I had a great question yesterday and I think it’s important I take a few minutes to clear up this misunderstanding:
“Why don’t you use politics as part of your signals? Why do you think it doesn’t affect markets?”
The first thing I want to make clear is, politics does affect markets. There’s no doubt about that, politics does affect markets and events like the Kavanaugh hearing are being traded by market participants as we speak. The midterm elections will also be strongly affecting markets, as do things like healthcare votes, tax plans, trade and tariff talks, meetings with foreign leaders, and everything else within the political sphere. They all affect the markets.
The reason I don’t take those events into account and actually make trading decisions based on them is they can’t be modeled or predicted with any accuracy at all. We certainly can’t put any numbers to them, and as a
1) The outcomes can’t be predicted with accuracy. Do you know how today’s Kavanaugh vote will go down? I would imagine you have a guess, but do you know with any certainty? Did you know that President Trump was going to win the election? Maybe you suspected he might, but did you know with any certainty? Do you know who will come out ahead in the midterm elections? Again, we all have opinions, but do any of us know with enough certainty to actually put money on the line? Maybe a few dollars, but not our retirement funds right?
2) Even if we did know the outcome ahead of time… so? If you were the only person in the world with an accurate glimpse into the future and you knew with 100% certainty that Kavanaugh will be confirmed, do you then know how the market will react to it? Not really, it could still go either way. Maybe he gets confirmed and the markets like it, or maybe they don’t and we see a sell-off. Maybe he doesn’t get through and markets go up on the news. The point is, even correctly predicting the outcome ahead of time, even that doesn’t tell you how the markets will react.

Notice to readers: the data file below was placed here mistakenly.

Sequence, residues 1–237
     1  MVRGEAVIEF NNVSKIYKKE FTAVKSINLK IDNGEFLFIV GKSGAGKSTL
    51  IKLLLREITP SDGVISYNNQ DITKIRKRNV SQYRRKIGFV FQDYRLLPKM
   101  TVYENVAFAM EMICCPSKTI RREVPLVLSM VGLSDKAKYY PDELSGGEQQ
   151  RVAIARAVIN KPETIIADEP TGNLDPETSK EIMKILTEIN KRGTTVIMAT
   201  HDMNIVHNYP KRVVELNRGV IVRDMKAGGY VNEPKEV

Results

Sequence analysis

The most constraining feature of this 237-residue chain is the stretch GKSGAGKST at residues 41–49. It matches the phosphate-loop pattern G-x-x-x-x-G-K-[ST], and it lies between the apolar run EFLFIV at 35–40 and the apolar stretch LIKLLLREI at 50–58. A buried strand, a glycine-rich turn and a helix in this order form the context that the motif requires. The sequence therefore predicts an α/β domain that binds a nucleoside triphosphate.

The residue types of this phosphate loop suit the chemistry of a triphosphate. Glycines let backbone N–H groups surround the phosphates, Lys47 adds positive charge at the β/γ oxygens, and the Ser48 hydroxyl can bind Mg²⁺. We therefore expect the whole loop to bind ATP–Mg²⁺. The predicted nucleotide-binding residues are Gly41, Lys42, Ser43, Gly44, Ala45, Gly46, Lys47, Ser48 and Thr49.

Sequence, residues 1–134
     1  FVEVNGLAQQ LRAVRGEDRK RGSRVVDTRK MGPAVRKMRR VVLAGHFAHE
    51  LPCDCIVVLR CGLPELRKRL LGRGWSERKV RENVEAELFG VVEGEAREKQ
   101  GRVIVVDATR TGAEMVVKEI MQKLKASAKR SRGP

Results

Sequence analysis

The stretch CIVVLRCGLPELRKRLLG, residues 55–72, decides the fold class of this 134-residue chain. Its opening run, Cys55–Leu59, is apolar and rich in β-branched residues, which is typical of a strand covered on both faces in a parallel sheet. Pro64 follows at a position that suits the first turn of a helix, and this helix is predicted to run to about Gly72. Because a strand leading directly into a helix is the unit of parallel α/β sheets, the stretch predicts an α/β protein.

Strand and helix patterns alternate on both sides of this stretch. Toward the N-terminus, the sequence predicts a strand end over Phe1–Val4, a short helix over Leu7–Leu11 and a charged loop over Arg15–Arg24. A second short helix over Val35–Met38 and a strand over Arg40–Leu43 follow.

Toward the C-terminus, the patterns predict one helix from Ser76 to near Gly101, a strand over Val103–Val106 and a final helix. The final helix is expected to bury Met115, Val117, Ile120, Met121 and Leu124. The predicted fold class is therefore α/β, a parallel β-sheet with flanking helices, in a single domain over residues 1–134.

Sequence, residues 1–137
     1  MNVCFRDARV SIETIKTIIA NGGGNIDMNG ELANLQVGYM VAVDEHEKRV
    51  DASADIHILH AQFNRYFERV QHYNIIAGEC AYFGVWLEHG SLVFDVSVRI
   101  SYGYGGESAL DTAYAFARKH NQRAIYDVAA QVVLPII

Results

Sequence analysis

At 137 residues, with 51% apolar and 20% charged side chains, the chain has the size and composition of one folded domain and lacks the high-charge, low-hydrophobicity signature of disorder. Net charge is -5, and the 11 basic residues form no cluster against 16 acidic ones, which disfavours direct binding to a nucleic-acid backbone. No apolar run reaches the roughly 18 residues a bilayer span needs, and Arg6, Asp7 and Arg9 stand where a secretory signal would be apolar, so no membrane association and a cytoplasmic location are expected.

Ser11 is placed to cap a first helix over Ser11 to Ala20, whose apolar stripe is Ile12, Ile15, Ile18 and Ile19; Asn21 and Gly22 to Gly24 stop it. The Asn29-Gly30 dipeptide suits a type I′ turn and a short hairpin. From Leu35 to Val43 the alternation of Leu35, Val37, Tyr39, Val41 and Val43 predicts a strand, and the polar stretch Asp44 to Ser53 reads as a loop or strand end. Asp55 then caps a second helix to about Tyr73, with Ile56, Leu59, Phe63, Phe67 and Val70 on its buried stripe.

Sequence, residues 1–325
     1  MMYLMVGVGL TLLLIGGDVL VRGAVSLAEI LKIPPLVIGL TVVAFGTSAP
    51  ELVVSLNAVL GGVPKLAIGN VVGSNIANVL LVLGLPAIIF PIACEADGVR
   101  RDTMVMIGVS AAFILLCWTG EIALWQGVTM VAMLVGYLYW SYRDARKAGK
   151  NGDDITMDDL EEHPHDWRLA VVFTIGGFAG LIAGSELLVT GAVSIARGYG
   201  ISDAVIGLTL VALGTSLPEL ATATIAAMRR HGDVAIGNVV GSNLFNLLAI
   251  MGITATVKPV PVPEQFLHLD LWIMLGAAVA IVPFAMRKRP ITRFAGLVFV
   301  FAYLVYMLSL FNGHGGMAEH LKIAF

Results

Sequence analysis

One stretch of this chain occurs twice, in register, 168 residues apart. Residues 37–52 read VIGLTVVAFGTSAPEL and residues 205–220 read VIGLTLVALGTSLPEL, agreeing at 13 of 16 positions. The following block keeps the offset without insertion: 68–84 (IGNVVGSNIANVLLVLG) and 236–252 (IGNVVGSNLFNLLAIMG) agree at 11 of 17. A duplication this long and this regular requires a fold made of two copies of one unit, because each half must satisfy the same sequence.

It’s like earnings reports. The first level of uncertainty is that we don’t know what the report will say until it’s out. The second level of uncertainty is, even if we correctly predicted ahead of time, we still don’t know how the markets will react to it. There are plenty of times a company beats expectations and the stock sells off. There’s plenty of times a company reports disappointing results and the stock skyrockets on the bad news. We just don’t know.
So I really think this is an important distinction. It’s not that I don’t think politics affect markets because there is no doubt in my mind it does. The reason our trade signals don’t take politics into account is that they can’t be modeled and the two levels of uncertainty can’t be rectified.
As a risk manager, my main job is to account for and protect against as much of this uncertainty as I can. There have been a few times in the past that I felt a political event was large enough to warrant moving to cash for a single day. The Brexit vote was one of them, the US election night was another. It happens. Every once in a while an event is so binary, with sufficiently large asymmetric risk to the downside that we do just move to cash and wait for clarity.
Honestly, there are political events going on all around us every single day. I think it would be a mistake, and a costly financial mistake at that, to attempt to move in and out of trades based on personal opinions of what the outcomes will be. As I say often, all we as investors can do is make sure probability is on our side, and from there we just trade the math. If it can’t be modeled in a formula, it’s not useful to us.
Side note, I took a little drive in the car this past week to one of my favorite places in the world. Lake Moraine in Lake Louise Canada. I’ll leave you with a small glimpse of this breathtaking place that hopefully everyone gets a chance to visit at some point in their life. Have a great weekend everyone!
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